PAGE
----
Dearest Martin, you were a quiet and private person and we respected your privacy. We are so very sorry for your pain and we feel so ashamed that we didnít know about your depression. When we saw you, you almost always said that things were going well, that you were working or hanging out with your friends and having fun. You had a secret and couldnít tell us or your friends. We know that you are free from pain now, but we are not. Your letter to us ended with these words,Ē Donít feel bad for me, in these last few weeks Iíve felt more at peace than I ever have before. I hope one day you will forgive me for this. Goodbye, signed, MartinĒ And it is easy to forgive you Martin, much harder to forgive ourselves. We will try to remember the happy times and not the grief that we feel today.

And we have to learn, somehow, to forgive ourselves. The medical examiner told me that hardly a day goes by without a suicide in our region. He said, Depression is a disease like cancer or heart disease but itís invisible. For some reason Martinís depression became so dark and powerful that it blocked out the light in his life and the love from his Friends and Family.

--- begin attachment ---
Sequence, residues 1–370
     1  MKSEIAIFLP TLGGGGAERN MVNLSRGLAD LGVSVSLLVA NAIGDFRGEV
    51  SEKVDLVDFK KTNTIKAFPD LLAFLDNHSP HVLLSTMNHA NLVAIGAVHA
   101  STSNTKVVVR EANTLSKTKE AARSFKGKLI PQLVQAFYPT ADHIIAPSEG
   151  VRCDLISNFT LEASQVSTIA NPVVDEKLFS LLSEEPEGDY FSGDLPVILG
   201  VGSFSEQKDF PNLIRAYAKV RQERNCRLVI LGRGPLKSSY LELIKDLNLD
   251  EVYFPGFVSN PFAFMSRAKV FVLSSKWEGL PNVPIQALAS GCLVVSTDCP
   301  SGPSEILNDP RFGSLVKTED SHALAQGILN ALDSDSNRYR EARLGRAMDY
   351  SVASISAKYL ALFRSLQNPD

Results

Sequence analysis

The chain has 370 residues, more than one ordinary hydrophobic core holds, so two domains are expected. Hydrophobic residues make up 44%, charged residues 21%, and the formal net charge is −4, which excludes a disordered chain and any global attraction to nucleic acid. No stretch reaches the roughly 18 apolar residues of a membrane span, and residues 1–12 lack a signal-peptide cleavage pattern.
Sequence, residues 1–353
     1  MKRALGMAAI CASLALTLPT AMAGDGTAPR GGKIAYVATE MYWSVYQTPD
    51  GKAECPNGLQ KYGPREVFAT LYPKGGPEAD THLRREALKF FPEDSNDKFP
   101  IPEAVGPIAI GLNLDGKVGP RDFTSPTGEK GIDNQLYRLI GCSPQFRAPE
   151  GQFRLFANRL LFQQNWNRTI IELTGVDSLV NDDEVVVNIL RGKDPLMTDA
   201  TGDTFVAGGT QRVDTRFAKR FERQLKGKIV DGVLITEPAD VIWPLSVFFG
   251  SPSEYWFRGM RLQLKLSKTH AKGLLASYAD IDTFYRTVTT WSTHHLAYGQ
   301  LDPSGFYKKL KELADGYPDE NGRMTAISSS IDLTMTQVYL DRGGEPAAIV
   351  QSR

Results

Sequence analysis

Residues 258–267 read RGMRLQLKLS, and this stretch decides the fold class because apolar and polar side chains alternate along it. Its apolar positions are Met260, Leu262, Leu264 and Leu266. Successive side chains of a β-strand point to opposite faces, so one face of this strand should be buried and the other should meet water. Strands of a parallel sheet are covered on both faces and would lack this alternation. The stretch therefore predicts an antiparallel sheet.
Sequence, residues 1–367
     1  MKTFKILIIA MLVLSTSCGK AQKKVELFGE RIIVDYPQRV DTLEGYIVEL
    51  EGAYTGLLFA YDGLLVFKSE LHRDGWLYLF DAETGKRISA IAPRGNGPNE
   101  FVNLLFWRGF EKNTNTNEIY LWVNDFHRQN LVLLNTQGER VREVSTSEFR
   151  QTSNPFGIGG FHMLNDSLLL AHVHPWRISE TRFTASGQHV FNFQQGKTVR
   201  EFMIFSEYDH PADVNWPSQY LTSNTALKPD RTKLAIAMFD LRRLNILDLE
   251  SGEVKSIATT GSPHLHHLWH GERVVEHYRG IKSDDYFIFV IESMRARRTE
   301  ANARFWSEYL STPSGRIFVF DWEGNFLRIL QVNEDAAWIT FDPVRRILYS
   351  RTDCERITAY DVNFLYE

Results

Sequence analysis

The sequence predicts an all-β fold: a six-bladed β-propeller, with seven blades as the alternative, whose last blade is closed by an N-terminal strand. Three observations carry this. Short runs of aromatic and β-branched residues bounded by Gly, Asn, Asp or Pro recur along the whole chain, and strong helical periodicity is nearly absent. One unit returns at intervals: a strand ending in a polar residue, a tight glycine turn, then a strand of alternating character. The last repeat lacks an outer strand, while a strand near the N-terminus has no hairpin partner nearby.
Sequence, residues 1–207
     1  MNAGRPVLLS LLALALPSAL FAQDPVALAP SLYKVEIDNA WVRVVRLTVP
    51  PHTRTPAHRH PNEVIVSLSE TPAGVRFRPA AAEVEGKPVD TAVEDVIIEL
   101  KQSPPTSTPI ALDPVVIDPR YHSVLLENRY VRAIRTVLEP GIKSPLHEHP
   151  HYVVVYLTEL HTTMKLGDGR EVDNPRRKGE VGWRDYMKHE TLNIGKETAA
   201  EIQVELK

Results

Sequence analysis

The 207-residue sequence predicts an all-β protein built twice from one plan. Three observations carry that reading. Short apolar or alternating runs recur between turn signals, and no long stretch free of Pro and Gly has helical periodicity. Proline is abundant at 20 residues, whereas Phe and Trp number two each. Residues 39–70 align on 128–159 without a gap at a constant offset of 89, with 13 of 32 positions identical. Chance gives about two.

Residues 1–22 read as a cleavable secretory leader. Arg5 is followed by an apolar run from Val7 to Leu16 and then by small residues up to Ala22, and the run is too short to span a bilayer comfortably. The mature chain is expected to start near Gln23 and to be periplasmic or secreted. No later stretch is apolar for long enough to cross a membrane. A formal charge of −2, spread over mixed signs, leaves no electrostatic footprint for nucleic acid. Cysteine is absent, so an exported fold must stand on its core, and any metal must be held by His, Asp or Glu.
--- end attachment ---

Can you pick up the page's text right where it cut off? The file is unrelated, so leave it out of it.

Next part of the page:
We are not a religious family but I believe that Martin is now part of all that I see. I will see him in the faces of his sisters and cousins and in crowds of people. I will see him in the beauty of nature and when I look at the starry sky. His spirit will be with Antonia and I and with all of those who loved him until we die.